“The Bengal famine of 1943 stands out as a great calamity even in an age all too familiar with human suffering and death on a tragic scale. With its toll of more than one and a half million deaths due to starvation and epidemic diseases, it left weeping sores that took years to heal. The famine, rightly termed as 'rice famine' in the context of the food habits in Bengal, affected mainly Bengal and the neighbouring province of Orissa only marginally, And it affected only the poorer classes in rural areas who lacked the purchasing power.”
Really, this book is a bit a downer. Just flicking through the pages is a downer. I’ve visited West Bengal on a number of occasions and it’s a wonderful place full of (mostly) wonderful people, which is one of the reasons I have visited it on a number of occasions. I’ve often recommended it to other travelers but it is one of those places that seems to be unable to shake the reputation of being home to the “starving millions” of India. Rather guiltily, I’m happy to say that I ate some wonderful food whilst there, which to be honest is the benchmark for a lot of other Indian food that I have enjoyed (or not) over the years. Even know I start to salivate whilst thinking of the Dal Fry at the Khalsa restaurant just off Sudder Street in Calcutta*. But I rather inappropriately digress, West Bengal and that part of the world has often suffered from famine. This book refers to the 1943 famine and the idea behind the report was to:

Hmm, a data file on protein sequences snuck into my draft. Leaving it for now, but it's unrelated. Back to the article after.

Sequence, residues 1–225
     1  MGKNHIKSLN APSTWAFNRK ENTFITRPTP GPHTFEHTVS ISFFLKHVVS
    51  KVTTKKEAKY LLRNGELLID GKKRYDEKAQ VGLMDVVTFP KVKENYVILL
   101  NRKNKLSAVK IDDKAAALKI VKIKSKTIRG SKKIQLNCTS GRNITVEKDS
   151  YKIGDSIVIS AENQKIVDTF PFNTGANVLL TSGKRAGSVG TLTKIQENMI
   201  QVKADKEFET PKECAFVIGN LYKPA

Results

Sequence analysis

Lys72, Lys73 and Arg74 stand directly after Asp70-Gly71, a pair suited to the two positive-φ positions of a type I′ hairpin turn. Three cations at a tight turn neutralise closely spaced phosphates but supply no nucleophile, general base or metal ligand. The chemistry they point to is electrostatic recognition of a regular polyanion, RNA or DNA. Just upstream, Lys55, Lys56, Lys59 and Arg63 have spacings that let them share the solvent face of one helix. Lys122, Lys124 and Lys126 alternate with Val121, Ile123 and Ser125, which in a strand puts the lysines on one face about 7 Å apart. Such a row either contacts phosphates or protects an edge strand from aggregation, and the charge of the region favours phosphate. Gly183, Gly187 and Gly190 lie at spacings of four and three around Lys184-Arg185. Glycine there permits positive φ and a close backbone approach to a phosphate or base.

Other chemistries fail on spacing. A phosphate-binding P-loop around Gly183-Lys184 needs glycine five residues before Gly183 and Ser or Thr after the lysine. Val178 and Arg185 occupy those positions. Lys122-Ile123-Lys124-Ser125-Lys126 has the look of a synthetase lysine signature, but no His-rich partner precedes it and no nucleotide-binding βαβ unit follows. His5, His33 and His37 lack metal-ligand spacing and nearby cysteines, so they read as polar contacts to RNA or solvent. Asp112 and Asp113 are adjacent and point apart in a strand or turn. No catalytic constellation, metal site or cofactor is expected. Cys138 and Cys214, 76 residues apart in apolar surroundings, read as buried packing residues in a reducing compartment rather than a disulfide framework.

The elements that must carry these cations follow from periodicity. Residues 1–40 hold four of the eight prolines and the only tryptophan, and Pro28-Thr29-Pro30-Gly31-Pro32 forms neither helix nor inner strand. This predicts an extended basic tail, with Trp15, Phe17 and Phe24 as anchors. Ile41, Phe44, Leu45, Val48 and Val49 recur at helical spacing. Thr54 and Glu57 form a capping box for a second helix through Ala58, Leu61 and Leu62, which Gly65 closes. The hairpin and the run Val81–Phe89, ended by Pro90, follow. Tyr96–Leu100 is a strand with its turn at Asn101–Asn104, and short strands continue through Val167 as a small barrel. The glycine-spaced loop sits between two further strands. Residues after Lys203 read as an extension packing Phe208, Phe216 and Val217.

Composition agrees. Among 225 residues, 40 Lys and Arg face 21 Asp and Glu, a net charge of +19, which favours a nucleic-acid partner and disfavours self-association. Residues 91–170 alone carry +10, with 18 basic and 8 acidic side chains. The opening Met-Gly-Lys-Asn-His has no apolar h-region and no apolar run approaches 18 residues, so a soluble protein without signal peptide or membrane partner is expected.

1/ Report on the famine
2/ Report on the health aspects of the famine
3/ Consider “the problems of procurement, rehabilitation and supply of protective and supplementary food for the immediate future.”**
Point three is an excellent idea for a report on anything at all resembling the calamity that took place in Bengal and is an excellent reason for a book such as this to not only exist, but to be reprinted so many years after the fact.
“Those who cannot remember the past are condemned to repeat it.” George Santayana
Whilst writing this blog entry I was reminded of another famine in 1974 in what is now Bangladesh, which was once part of Bengal, and I had a quick read of the Wikipedia article on that famine. I was shocked but not surprised to read the following:
“The second failure was external: the US had withheld 2.2 million tonnes of food aid, as the then US Ambassador to Bangladesh made it abundantly clear that the US probably could not commit food aid because of Bangladesh's policy of exporting jute to Cuba. And by the time Bangladesh succumbed to the American pressure, and stopped jute exports to Cuba, the food aid in transit was "too late for famine victims"”
“In terms of total mortality, though figures vary, one scholar estimates 1.5 million deaths as a reasonable estimate.” ***
* The city was called Calcutta at the time. It’s now called Kolkata.
** Publishers blurb.
*** The same Wikipedia article as above.